IRS impersonators prey on vulnerable victims

IRS impersonators prey on vulnerable victims

It's tax season and the scammers are out in full force, out to steal taxpayers' hard-earned dollars. The IRS and the BBB warn that IRS impersonators are calling around the area, trying to cash in by purloining people's personal information and using threats to divert vulnerable victims' cash into the fraudsters' own pockets.

According to a recent news release from the IRS, criminals impersonating IRS agents has been and remains a problem in the area, keeping the ploy near the top of the annual "Dirty Dozen" list of tax scams for the 2015 filing season and leaving some of the community's most defenseless citizens in financial distress.

IRS-CI is the criminal investigations unit of the IRS. IRS-CI Special Agent in Charge Damon Rowe, who is over the Southeast Texas region, told The Examiner the scam artists often target the community’s most susceptible citizens.

“One of the biggest scams is the IRS impersonation scam,” SAC Rowe explained. “IRS impersonation scams typically target elderly people, people they can reach at home. What they (the scammers) do is impersonate an IRS officer and make threatening gestures, saying they will call the police, demanding money. They demand that you go get a debit card for some certain amount, say $2000, that they say you owe. For some reason, they are able to get certain information, like where you lived two years ago.”

Because the scammers have the resident’s personal information, the callers could seem legitimate, said Rowe. For law-abiding citizens who worry about potential repercussions by the IRS, the calls can be quite disconcerting.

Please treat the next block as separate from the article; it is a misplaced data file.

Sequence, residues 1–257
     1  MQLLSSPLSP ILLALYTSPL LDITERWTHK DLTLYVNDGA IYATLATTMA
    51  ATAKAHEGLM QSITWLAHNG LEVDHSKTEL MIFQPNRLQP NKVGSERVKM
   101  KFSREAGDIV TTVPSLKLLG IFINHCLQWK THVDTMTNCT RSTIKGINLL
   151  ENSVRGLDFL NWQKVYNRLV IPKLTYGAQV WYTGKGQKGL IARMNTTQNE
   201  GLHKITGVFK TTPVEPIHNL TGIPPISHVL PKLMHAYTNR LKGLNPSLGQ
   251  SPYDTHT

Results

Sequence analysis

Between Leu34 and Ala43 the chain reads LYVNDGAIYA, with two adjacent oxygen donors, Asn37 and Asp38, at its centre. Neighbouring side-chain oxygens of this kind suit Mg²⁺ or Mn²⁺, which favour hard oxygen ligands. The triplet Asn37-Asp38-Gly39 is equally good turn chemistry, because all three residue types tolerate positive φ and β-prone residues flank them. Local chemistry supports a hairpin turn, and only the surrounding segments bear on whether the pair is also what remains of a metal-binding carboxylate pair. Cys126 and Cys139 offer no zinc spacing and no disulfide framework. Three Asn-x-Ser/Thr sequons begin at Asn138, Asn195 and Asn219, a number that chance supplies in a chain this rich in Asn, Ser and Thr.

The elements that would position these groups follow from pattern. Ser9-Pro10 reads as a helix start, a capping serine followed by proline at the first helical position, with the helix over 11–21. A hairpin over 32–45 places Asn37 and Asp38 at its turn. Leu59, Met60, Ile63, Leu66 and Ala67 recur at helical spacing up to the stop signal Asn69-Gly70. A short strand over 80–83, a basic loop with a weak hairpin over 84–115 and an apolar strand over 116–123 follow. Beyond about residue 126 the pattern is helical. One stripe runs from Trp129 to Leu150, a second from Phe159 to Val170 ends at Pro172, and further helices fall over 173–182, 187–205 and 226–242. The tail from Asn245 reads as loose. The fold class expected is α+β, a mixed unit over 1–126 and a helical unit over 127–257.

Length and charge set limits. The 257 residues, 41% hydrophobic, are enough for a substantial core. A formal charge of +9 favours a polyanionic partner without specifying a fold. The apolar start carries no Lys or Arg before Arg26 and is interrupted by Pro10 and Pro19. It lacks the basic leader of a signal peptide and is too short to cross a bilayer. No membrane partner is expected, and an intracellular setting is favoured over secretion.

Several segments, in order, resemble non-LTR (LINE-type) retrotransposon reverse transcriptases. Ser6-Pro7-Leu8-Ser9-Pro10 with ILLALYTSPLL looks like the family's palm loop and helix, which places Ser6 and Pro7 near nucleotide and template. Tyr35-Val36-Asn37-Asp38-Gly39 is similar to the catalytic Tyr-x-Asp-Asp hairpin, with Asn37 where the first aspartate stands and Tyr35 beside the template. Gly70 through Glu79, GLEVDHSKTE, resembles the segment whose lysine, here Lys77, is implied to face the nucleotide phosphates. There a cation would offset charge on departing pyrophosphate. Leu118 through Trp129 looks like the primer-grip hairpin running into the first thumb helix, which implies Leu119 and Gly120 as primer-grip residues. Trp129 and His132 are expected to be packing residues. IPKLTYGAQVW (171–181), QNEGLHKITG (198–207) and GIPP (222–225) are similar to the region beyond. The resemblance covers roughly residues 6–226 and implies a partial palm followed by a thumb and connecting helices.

“People who may fear actions against them by the IRS, they go ahead and give them this information,” SAC Rowe related.

The IRS has reportedly seen a surge of these phone scams in recent months as extortion artists threaten police arrest, deportation, license revocation and other things. The IRS reminds taxpayers to guard against all sorts of con games that arise during any filing season.

"If someone calls unexpectedly claiming to be from the IRS with aggressive threats if you don't pay immediately, it's a scam artist calling,” said IRS Commissioner John Koskinen said in a news release Jan. 28. "The first IRS contact with taxpayers is usually through the mail. Taxpayers have rights, and this is not how we do business."

According to SAC Rowe, another obstacle for victims’ in identifying the scammer as an impersonator is that the calls themselves may appear to come from anywhere, like somewhere local, through the use of anonymizing technology. He said it could appear as though the caller were calling from a local area code when in reality they are 1000 miles away.

“It could appear they are calling from Washington, D.C., when they are really calling from California,” Rowe warned.

Dispute Resolution Director Jay Sheppard of the Better Business Bureau serving Southeast Texas said her office has received numerous calls in the last couple of weeks regarding the IRS scam, with consumers reporting having received a phone call from someone leading them to believe that they represent the IRS. According to her, it is not only possible for the con artists to make it look as though they are calling from a local number, but may even be able to make it look as though the call is actually coming from the true federal taxing agency.